The record includes as well a duplicate petition for naturalization signed and executed by Bowles under the name of "Garnett J. Bowles, Sr." which recites his nationality as "British" and states that his last place of foreign residence was Owen Sound, Ontario, and that he entered the United States on September 8, 1920. It also recites that he was inducted into the United States Army on April 16, 1943, at Cleveland, Ohio, and was honorably discharged on January 14, 1944*fn2

At the trial the Government proved that on September 27, 1962 when Bowles was apprehended in East Orange, New Jersey, he admitted that he was born in Owen Sound, Ontario, Canada, that the date of his birth was June 8, 1920, and that his name was Garnett*fn3 Bowles.

The United States also proved through Deportation Officer Santasiero that he deported Jesse Bowles to Canada on October 17, 1958 by placing him on a Trans-Canada Airlines plane which departed from the Port of New York with Bowles on board. Deportation Officer Anderson testified that he deported Bowles to Canada from the Port of New York on September 4, 1962 by placing him on a Trans-Canada Airlines plane, flight 207, and that he saw the plane take off and it did not return to the airport.

It appears from the record that the covering of portions of the deportation warrants by pieces of cardboard, referred to in the second and third paragraphs of this opinion, was done by direction of the trial judge at the request of Bowles' attorney, it being then and now the position of Bowles that he was entitled to attack the deportation orders and warrants collaterally. It will be remembered that the typewritten provisions of the Immigration and Nationality Act under which Bowles was deported were not covered up in the deportation warrant issued on January 5, 1961 and referred to in the fourth paragraph of this opinion.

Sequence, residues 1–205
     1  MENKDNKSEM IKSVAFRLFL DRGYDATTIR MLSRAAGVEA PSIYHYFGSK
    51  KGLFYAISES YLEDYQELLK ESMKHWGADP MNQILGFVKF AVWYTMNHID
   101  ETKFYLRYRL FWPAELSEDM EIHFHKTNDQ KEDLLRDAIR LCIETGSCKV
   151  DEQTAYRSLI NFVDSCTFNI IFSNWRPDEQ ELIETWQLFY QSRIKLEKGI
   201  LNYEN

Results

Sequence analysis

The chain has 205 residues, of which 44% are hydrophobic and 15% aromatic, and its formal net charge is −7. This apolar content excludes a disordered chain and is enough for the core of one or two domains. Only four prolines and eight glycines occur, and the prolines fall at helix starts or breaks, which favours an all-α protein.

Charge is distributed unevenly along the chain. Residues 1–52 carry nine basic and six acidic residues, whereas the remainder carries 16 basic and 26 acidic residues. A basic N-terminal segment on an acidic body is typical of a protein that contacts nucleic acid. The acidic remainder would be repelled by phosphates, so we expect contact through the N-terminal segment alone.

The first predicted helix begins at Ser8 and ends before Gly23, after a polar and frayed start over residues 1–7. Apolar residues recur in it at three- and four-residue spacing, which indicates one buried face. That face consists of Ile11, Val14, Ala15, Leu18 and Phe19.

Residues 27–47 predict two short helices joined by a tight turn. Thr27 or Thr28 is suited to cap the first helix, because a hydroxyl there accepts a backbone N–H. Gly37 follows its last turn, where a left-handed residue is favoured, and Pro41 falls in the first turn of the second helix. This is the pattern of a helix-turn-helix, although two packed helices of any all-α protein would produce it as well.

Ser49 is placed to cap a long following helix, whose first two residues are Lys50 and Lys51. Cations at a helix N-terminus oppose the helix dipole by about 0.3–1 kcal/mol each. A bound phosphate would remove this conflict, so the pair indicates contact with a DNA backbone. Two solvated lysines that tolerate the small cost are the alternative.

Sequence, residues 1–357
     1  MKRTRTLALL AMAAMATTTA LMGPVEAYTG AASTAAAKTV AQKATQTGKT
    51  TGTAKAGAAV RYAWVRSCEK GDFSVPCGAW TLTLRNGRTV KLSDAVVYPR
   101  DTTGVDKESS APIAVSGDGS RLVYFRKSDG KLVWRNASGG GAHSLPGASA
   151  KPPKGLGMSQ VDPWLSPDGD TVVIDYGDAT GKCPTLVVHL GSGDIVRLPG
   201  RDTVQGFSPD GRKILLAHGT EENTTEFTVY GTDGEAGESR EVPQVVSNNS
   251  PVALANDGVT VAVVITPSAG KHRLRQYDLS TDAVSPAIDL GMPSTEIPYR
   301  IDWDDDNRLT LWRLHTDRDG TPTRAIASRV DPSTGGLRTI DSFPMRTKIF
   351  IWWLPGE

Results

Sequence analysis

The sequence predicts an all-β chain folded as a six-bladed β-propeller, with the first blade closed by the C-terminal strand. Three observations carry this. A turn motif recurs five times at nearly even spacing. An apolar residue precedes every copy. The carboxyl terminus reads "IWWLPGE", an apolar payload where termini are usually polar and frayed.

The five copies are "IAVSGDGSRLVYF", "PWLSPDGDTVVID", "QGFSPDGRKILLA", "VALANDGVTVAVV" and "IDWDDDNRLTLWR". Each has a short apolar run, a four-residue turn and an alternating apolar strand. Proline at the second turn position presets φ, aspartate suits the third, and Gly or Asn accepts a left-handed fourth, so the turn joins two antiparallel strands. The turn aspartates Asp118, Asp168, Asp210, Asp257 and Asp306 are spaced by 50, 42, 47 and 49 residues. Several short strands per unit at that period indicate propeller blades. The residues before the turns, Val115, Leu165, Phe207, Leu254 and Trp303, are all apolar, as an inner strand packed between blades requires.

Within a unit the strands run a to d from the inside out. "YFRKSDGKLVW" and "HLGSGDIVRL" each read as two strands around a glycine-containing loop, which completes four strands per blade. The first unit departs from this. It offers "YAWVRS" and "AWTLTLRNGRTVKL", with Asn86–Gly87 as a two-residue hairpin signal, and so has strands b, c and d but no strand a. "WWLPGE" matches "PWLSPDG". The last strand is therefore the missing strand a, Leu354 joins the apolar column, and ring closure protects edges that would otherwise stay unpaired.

At the close of the evidence Bowles made a motion for judgment of acquittal pursuant to Rule 29, Fed.R.Crim.Proc., 18 U.S.C. His counsel, appointed by the court below, stated Bowles' position as follows: "The government has failed to establish guilt at any point. That the original deportation we contend was unlawful and we believe until they show that the original deportation was lawful and valid that these repeated entries would be vitiated if the initial deportation was invalid." (Emphasis added.)

The court then said: "In other words, is it your legal position, * * * that if a person came into this country and then it was alleged that he was either in this country illegally or he had committed some act that made him subject to deportation, he is given a hearing thereon, let us say for example it possibly took a month or six weeks to try and then after all the appropriate appeals and legal procedure, legal and administrative procedure he was deported, each time he would come back illegally in this country and the Government would bring a charge of being here illegally and attempt to deport him, that they would have to open the original hearing and conduct it all over again and put it into issue as to whether or not he was legally deportable?" Counsel for Bowles replied: "No, I do not say that, your Honor." The court then asked: "Well that is the effect of your motion, is it not?" Bowles' ...